Saturday, November 14, 2015

Resolution Opposing All New Fossil Fuel Infrastructure Passes in Portland

This article provides additional infomation on yesterday's post.

A train is seen here carrying oil tankers. On Nov. 12, 2015, the city of Portland approved a resolution to prevent the construction of new fossil fuel infrastructure projects. (Credit: Ray Luck) Click to Enlarge.
Portland, Oregon took a step toward combatting climate change on Thursday when its leaders unanimously supported a resolution to actively oppose the local expansion of all new fossil fuel storage and transport.

Hailed as "historic" and "visionary" by climate campaigners, the resolution––passed by the mayor and four commissioners of Oregon's largest city––is the latest in a series of major climate actions nationally. President Barack Obama recently announced the rejection of the Keystone XL pipeline on climate grounds.  Citing New York's pledge to mitigate "catastrophic effects of climate change," New York Gov. Andrew Cuomo Thursday blocked the Port Ambrose liquefied natural gas project.  Last week, Vermont Sen. Bernie Sanders and six other Democrats proposed the "Keep It In the Ground" bill to end new fossil fuel extraction on public lands.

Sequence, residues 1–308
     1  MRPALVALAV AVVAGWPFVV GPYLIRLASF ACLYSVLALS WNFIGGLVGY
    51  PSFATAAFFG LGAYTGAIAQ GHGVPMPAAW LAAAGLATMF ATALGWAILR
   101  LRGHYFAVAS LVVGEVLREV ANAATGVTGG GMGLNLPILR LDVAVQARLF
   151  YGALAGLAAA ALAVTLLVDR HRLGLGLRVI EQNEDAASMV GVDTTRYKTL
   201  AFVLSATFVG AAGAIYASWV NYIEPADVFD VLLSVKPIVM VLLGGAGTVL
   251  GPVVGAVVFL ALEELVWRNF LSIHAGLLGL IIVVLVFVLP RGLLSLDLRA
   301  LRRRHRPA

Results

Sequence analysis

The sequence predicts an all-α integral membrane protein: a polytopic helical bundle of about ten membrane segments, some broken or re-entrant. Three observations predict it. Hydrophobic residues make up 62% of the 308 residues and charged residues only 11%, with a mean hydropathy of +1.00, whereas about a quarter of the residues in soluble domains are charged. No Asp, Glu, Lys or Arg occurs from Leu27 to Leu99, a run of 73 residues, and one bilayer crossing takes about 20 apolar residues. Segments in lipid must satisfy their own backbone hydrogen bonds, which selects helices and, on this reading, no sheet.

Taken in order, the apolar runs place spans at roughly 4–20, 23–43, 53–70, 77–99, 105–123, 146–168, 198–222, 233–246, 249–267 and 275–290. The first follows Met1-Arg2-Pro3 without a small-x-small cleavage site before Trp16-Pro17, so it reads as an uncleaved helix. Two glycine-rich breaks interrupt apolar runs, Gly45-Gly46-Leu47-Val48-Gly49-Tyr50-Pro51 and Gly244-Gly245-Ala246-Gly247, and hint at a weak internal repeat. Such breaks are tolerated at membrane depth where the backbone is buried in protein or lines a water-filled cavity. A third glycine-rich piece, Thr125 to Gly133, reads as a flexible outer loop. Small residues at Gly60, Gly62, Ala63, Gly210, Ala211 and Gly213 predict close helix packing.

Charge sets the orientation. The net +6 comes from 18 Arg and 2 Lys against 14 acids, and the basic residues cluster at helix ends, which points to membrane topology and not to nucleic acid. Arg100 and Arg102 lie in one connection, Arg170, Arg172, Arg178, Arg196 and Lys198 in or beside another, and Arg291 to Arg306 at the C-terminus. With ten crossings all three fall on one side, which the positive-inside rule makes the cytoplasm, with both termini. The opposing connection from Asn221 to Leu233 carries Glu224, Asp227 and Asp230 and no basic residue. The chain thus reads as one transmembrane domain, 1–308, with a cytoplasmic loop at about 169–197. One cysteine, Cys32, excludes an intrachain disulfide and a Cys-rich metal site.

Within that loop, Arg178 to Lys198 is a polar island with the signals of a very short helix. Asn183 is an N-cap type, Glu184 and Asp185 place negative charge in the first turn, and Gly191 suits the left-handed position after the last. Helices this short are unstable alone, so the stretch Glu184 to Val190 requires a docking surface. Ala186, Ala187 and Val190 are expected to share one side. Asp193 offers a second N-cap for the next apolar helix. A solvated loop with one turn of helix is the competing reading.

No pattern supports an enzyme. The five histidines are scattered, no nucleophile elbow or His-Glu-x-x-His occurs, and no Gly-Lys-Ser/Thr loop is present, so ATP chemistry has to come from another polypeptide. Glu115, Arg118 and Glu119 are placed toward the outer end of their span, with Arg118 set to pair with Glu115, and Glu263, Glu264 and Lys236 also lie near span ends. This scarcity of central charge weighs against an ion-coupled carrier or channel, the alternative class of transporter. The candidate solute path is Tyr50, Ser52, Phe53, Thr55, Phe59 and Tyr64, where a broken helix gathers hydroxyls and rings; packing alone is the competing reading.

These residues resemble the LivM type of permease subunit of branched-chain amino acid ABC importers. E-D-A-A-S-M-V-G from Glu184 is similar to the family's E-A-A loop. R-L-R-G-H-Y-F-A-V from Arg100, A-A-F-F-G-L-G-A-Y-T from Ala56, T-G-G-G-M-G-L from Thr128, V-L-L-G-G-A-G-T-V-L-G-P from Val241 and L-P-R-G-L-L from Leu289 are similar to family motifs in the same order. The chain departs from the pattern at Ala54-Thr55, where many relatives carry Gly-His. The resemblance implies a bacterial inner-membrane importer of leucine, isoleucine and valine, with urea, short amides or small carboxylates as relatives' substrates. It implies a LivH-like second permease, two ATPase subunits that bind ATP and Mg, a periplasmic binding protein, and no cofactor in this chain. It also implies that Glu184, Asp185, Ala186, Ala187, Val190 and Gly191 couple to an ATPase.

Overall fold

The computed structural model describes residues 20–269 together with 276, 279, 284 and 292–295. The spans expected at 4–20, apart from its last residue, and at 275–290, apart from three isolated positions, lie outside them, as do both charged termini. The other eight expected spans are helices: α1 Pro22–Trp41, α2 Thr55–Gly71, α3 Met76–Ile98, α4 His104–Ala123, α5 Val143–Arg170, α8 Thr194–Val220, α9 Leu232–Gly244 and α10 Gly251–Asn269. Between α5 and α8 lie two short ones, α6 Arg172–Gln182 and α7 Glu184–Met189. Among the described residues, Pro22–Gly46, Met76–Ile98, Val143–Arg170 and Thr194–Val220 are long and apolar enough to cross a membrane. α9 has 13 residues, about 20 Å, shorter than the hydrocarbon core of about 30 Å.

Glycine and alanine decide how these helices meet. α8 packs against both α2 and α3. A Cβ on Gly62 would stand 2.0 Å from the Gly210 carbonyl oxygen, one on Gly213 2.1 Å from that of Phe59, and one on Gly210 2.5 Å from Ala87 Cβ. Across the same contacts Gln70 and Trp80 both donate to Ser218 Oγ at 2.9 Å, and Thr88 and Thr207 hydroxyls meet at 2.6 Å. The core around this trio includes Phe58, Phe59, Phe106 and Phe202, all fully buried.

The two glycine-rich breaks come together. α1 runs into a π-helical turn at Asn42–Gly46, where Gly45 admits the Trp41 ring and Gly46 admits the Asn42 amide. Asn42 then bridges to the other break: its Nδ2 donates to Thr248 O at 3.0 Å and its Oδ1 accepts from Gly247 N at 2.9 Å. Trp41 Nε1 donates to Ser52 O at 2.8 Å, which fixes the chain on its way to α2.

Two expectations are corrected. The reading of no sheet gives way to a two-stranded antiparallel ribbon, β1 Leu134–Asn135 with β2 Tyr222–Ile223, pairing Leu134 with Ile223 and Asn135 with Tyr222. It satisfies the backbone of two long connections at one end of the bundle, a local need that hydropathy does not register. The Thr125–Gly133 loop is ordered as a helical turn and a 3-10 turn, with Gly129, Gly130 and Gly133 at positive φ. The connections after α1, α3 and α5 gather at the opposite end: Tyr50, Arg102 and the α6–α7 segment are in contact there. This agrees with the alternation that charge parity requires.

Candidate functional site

According to Portland Mayor Charlie Hales, the first-in-the-nation resolution offers a blueprint for other cities, states––even nations––to follow. Hales co-sponsored the resolution with Commissioner Amanda Fritz.

"There is a fear among younger generations that their future will be compromised if our generation doesn't act on climate change.  The reality is, while climate change could be even more catastrophic, it's not too late to do something about it. If we're aggressive about carbon reduction, we can, city by city, make a difference," Hales said in a statement.

The resolutions is not a "ban" or "moratorium," even though that's how it has been referred to by some activists.  Several federal preemptions would likely render a direct ban illegal, said Brett VandenHeuvel, executive director of the local grassroots group Columbia Riverkeeper.

Instead, the city council's resolution is a broad policy mandate to halt the local expansion of fossil fuels through the city's existing laws.  Over the course of several months, city staff at various departments will examine laws, "including those related to public health, safety, building, electrical, nuisance, and fire codes," and come up with recommendations and proposed city code changes in order to enforce the policy.  Their strategy must go through a public comment period before it takes effect.

Read more at Resolution Opposing All New Fossil Fuel Infrastructure Passes in Portland

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